For the upcoming Reach the Beach Relay race
our team from the New Hampshire Division of Parks & Recreation
is running for Lyme Disease Awareness, an issue that has been avoided, misunderstood and has also seriously affected members of our state department family. Field staff whose profession (and passion) brings them to remote corners of New Hampshire often share their personal encounters with this infection to help us better understand the disease. With this emotional connection, Lyme awareness has become a particularly important cause for our team and also for the Division of Parks & Recreation.
To learn more about what it is like to live with Lyme Disease we sat down with one of our co-workers, Melissa who works in the Division of Forests and Lands...
Melissa is an Environmental Information Specialist with the Natural Heritage Bureau who does environmental review for potential impacts to state-listed plant species and exemplary natural communities. Her interests are botany, ecology, and outdoor activities such as: hiking, climbing, cycling, running, and gardening...so she’s happens to be around ticks a lot!
How did you first find out you had Lyme Disease?
I had an intense headache and neckache (very stiff neck) and low grade fever that lasted for 14 days when I finally decided I should see a doctor. I had blood work to test for Lyme (as well as other possibilities), while waiting for results to come back other strange symptoms appeared: jaw pain, neurological symptoms (particularly skin sensitivities), and heart palpitations. My test for Lyme came back positive and I started antibiotics immediately after that. I developed heart complications 3 days later.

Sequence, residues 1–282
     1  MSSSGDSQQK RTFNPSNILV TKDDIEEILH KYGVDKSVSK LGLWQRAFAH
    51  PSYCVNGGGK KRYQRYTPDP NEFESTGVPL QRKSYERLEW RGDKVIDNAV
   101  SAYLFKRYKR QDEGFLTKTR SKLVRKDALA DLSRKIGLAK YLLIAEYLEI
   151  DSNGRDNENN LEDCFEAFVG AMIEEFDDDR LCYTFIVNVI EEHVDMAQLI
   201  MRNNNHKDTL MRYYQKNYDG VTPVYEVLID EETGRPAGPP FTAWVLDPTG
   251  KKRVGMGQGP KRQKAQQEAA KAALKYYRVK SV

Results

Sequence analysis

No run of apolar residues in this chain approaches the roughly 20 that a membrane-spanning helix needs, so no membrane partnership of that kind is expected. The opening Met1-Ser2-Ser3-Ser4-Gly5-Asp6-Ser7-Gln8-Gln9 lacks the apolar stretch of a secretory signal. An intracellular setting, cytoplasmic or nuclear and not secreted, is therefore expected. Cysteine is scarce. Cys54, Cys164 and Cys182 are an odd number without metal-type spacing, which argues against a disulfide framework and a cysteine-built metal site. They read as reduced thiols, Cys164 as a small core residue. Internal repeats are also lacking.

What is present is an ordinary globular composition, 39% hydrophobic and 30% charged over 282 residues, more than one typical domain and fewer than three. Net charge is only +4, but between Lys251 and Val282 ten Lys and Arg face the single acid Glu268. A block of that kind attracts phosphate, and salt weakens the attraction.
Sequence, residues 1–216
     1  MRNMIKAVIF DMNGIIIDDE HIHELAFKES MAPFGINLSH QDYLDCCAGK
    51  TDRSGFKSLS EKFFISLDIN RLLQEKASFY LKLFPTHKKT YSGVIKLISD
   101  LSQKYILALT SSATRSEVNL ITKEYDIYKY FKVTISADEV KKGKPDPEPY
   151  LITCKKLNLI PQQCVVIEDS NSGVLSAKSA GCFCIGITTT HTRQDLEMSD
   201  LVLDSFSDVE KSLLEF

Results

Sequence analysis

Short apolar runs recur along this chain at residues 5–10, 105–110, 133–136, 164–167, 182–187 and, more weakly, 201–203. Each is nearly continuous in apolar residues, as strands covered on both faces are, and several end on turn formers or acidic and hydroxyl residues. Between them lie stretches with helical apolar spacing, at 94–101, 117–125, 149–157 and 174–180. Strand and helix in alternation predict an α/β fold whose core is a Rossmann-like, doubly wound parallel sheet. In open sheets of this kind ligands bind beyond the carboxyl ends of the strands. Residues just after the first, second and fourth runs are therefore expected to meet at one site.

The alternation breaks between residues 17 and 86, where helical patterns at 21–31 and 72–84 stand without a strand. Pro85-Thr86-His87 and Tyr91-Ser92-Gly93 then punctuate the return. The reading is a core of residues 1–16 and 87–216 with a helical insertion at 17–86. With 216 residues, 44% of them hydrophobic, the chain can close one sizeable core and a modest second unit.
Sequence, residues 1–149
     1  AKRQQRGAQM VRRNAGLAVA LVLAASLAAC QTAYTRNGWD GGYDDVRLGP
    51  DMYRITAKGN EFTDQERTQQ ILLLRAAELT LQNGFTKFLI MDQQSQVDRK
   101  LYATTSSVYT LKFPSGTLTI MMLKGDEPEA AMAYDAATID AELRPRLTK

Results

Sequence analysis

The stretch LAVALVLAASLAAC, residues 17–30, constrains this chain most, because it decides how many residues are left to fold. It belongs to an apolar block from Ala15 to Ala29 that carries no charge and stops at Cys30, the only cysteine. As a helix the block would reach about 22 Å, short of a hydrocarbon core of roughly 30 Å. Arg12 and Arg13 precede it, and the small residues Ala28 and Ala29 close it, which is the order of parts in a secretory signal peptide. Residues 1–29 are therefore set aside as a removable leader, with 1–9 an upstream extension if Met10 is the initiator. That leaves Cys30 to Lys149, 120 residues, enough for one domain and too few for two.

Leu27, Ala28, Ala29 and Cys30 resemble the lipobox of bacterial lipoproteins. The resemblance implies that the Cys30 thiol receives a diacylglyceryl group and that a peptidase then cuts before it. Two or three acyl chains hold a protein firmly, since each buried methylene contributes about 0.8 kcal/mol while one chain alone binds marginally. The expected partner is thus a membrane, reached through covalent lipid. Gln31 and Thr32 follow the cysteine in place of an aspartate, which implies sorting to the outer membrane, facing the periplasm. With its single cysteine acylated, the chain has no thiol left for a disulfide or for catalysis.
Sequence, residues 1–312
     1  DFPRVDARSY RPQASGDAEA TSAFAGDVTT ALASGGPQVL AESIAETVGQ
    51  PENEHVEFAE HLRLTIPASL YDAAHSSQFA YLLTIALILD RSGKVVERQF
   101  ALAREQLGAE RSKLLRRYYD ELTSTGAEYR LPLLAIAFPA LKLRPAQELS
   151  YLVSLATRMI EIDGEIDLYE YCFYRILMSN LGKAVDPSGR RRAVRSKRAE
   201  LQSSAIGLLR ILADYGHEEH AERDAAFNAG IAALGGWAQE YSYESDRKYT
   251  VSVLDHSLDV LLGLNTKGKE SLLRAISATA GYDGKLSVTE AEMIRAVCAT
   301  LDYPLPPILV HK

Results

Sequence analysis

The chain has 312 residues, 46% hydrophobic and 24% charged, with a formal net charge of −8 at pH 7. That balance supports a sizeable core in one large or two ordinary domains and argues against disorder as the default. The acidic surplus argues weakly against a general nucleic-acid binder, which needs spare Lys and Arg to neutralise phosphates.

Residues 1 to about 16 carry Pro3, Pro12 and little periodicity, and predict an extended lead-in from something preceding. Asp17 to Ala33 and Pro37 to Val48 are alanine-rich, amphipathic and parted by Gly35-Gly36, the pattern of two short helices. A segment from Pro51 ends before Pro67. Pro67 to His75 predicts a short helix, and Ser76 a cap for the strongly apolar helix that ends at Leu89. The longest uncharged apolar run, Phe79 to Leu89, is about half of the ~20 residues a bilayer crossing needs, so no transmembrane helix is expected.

How has Lyme Disease affected you?
Lyme bacteria can attack various parts of your body. You hear about joints and tendons a lot but there are many other possibilities. I fell into the unlucky 10% that develop heart complications from Lyme. The Lyme bacteria can cause inflammation in heart tissue that then disrupt the electrical signaling that occurs in the heart, leading to what is called an atrioventricular heart block. This prevents the proper signaling between the upper and lower chambers of the heart. So I was hospitalized and got IV antibiotics to get my heart back to normal. I’m young, healthy and athletic, so having a heart complication was shocking and scary. It spurred a lot of “life reflection” and a renewed and stronger appreciation for good health and wellness and not to take these things for granted. I had very little energy and thus had to skip out on most of the usual activities I enjoy this summer. So I feel a bit robbed of a summer. Though I did catch up on reading!
Are you cured or will this be a long term struggle?
Not completely sure at this point, but I am hopeful that I am cured because I was treated early. There are a lot of scary stories out there though about long-term struggles.
What advice do you have for people at risk?
Tuck and spray! Don’t be afraid to look goofy with socks pulled up over your pants (or just wear gaitors). I never used bug sprays because I’m not a fan of chemicals. But I’ve changed my mind about that one. Permethrin is supposed to work best for repelling ticks (treat your clothes, not your skin). Always do a tick check (though I never found the one that gave me Lyme). Know the symptoms and be able recognize them early! Lots of people never get the classic bull’s eye rash, there are many other symptoms to be aware of, know them!
What can someone do if they’ve been just diagnosed?
Make sure you share ALL your symptoms with your doctor. I mention this because of the heart complications I had, which was a big deal and had I not had a follow-up appointment already in place, I probably would not have contacted my doctor again to mention that symptom. Read, educate yourself on the matter. Try to stay positive and hopeful about healing. Rest, rest, rest (which is so difficult for active outdoorsy types, I know!).
Help us support this noble cause! Find out more about programs in New Hampshire that are dedicated to prevention, education, support and treatment of Lyme Disease and other co-infections carried by ticks. If you are able to, consider making a donation to our partners at Lyme411
. Any amount adds ups to make a big impact. If you cannot help financially, please take the time to learn more about Lyme411 and their efforts throughout the year so that you can help connect others affected by Lyme Disease.